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Caiazza v. Bally Manufacturing Inc.

Decided: April 7, 1986.


A-4826-84T5 is on appeal from the Superior Court, Law Division, Passaic County. A-1713-85T5, A-1715-85T5, A-1721-85T5, A-1723-85T5, A-1922-85T5, and A-1924-85T5 are on appeal from the Superior Court, Law Division, Ocean County.

Pressler, Dreier and Bilder. The opinion of the court was delivered by Pressler, P.J.A.D.


These consolidated appeals, taken on leave granted, arise out of the notorious fire of May 11, 1984 which took the lives of eight young people in the "Haunted House" of Great Adventure Amusement Park in Jackson Township. The issue before us involves the availability to plaintiffs in the ensuing wrongful death actions of evidence which had been gathered by the special Ocean County Grand Jury empaneled to investigate the circumstances of and culpability for the fire.

By way of procedural overview, representatives of seven of the decedents commenced four separate civil actions in New Jersey.*fn1 All were or are about to be consolidated in Passaic County. The first of the civil actions (the Caiazza complaint) was commenced on June 18, 1984, and the second (the Beyroutey complaint) on July 9, 1984. The Harrison complaint was filed in February 1985, and the multi-plaintiff complaint by the representatives of Samuel Valentin, Eric Rodriguez, Lenin Ruiz and Jose A. Carrion, Jr., in May 1985. With respect to the criminal proceedings, the grand jury, after considering voluminous documentary and other evidence, as well as the testimony of 54 witnesses, indicted two corporations, Six Flags Corporation and Great Adventure, Inc.,*fn2 Larry Cochran and David Paltzik. The corporations were both charged with aggravated manslaughter and the individuals, the former general manager of the amusement park and a corporate executive, respectively, were charged with manslaughter. Both Cochran and Paltzik were admitted to the Ocean County pretrial intervention program, and the indictment as against them was dismissed on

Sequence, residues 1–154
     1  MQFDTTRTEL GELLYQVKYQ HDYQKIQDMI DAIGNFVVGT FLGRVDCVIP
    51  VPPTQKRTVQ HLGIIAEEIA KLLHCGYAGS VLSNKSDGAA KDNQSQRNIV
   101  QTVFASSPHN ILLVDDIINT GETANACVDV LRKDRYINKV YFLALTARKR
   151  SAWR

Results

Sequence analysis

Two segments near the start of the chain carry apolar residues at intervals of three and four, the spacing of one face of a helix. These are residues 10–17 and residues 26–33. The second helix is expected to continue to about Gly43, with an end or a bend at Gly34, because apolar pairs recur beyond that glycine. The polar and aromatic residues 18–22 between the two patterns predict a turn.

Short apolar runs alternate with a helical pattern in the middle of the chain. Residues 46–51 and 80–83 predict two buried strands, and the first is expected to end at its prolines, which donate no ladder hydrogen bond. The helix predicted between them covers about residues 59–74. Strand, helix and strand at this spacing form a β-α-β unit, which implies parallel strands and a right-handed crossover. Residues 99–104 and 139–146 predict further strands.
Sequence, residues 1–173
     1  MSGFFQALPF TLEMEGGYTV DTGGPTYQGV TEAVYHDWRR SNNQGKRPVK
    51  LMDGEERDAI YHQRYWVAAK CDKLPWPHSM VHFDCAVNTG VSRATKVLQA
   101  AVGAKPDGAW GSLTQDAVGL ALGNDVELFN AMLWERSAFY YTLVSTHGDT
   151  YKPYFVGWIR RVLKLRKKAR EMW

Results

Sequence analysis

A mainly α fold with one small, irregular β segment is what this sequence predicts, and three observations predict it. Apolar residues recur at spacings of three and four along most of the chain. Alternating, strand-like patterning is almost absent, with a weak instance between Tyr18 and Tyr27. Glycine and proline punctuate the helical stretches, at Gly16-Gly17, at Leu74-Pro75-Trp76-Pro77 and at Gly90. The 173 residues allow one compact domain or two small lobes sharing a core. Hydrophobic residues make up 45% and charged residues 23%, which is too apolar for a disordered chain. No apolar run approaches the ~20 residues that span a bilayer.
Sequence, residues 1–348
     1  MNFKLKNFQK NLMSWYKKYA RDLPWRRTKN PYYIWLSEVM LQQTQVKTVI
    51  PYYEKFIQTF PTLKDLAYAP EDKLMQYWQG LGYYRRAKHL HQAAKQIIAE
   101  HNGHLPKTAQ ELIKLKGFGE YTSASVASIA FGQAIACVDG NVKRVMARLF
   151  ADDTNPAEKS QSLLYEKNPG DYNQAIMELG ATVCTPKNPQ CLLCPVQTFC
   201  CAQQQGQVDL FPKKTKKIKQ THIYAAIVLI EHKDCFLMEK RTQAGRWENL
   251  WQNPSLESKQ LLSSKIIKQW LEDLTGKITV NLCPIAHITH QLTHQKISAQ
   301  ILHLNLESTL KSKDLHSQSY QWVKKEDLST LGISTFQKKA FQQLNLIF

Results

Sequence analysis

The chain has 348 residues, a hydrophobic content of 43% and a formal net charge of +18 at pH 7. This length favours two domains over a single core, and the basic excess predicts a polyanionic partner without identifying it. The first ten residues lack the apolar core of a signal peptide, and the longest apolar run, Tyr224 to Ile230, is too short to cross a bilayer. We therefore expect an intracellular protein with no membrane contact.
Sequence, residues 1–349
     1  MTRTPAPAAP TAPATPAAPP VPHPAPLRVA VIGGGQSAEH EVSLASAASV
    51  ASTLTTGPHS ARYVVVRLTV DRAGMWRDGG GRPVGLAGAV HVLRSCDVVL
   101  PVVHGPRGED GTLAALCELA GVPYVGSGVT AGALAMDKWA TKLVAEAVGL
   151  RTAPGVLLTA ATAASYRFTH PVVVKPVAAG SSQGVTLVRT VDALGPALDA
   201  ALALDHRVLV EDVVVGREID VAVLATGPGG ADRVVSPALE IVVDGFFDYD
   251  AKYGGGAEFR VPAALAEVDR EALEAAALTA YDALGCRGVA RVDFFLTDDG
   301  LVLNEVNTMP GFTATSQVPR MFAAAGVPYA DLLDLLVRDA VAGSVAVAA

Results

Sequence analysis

March 7, 1985, upon their successful completion of the program. The corporate defendants were tried during the summer of 1985 and both were acquitted.

In May 1985 the plaintiffs in the wrongful death action moved before Judge Susser in Passaic County, who had been specially designated to hear pretrial matters in the wrongful death cases, for access to what have been called during the litigation the "C" documents, a list of materials turned over by the Ocean County Prosecutor to the corporate defendants in the criminal proceedings as part of his discovery obligation under R. 3:13-3. This material consists of identified documentary exhibits reviewed by the grand jury and the transcripts of testimony of the 54 grand jury witnesses, many of whose identities have been disclosed neither to the public not to the civil plaintiffs. The Ocean County Prosecutor, whose position as to disclosure was solicited, expressed his lack of objection. Judge Susser ordered the civil defendants to make the documentary evidence available to plaintiffs, subject to a protective order in view of the then pendency of the criminal proceedings. He referred, however, that part of the plaintiffs' motion seeking access to the grand jury testimony to the Ocean County Assignment Judge for disposition.

Accordingly, plaintiffs renewed their motion before Judge Addison, and at the same time defendants commenced a declaratory judgment action, whose venue was laid in Ocean County, by which they sought to prevent disclosure. They were joined by 19 witnesses who had testified before the grand jury and who also sought to maintain secrecy.*fn3 According to the record, ten of these witnesses are presently employed full-time by Great Adventure, three are seasonal employees, five are former Great Adventure employees and one is an independent contractor

doing business with Great Adventure on a regular basis. Ten of the nineteen also testified at the criminal trial of the corporate defendants and, as to eight of them, there was reference to their grand jury testimony at that trial.

After consolidating all of the proceedings before him, Judge Addison dismissed the declaratory judgment action and entered an order granting plaintiffs' motion for access to all the grand jury testimony. Defendants in the wrongful death action appeal from Judge Susser's order and, joined by the 19 grand jury witnesses, they appeal from Judge Addison's order.

In the context of the now completed criminal proceedings, we affirm both orders substantially for the reasons stated by the respective trial judges, both of whom properly exercised their respective discretion in applying the test for disclosure prescribed by State v. Doliner, 96 N.J. 236, 246-247 (1984).

As we understand the main thrust of defendants' argument, they claim that plaintiffs have failed to show a compelling need for disclosure and that, in any event, the trial judge failed to give proper ...

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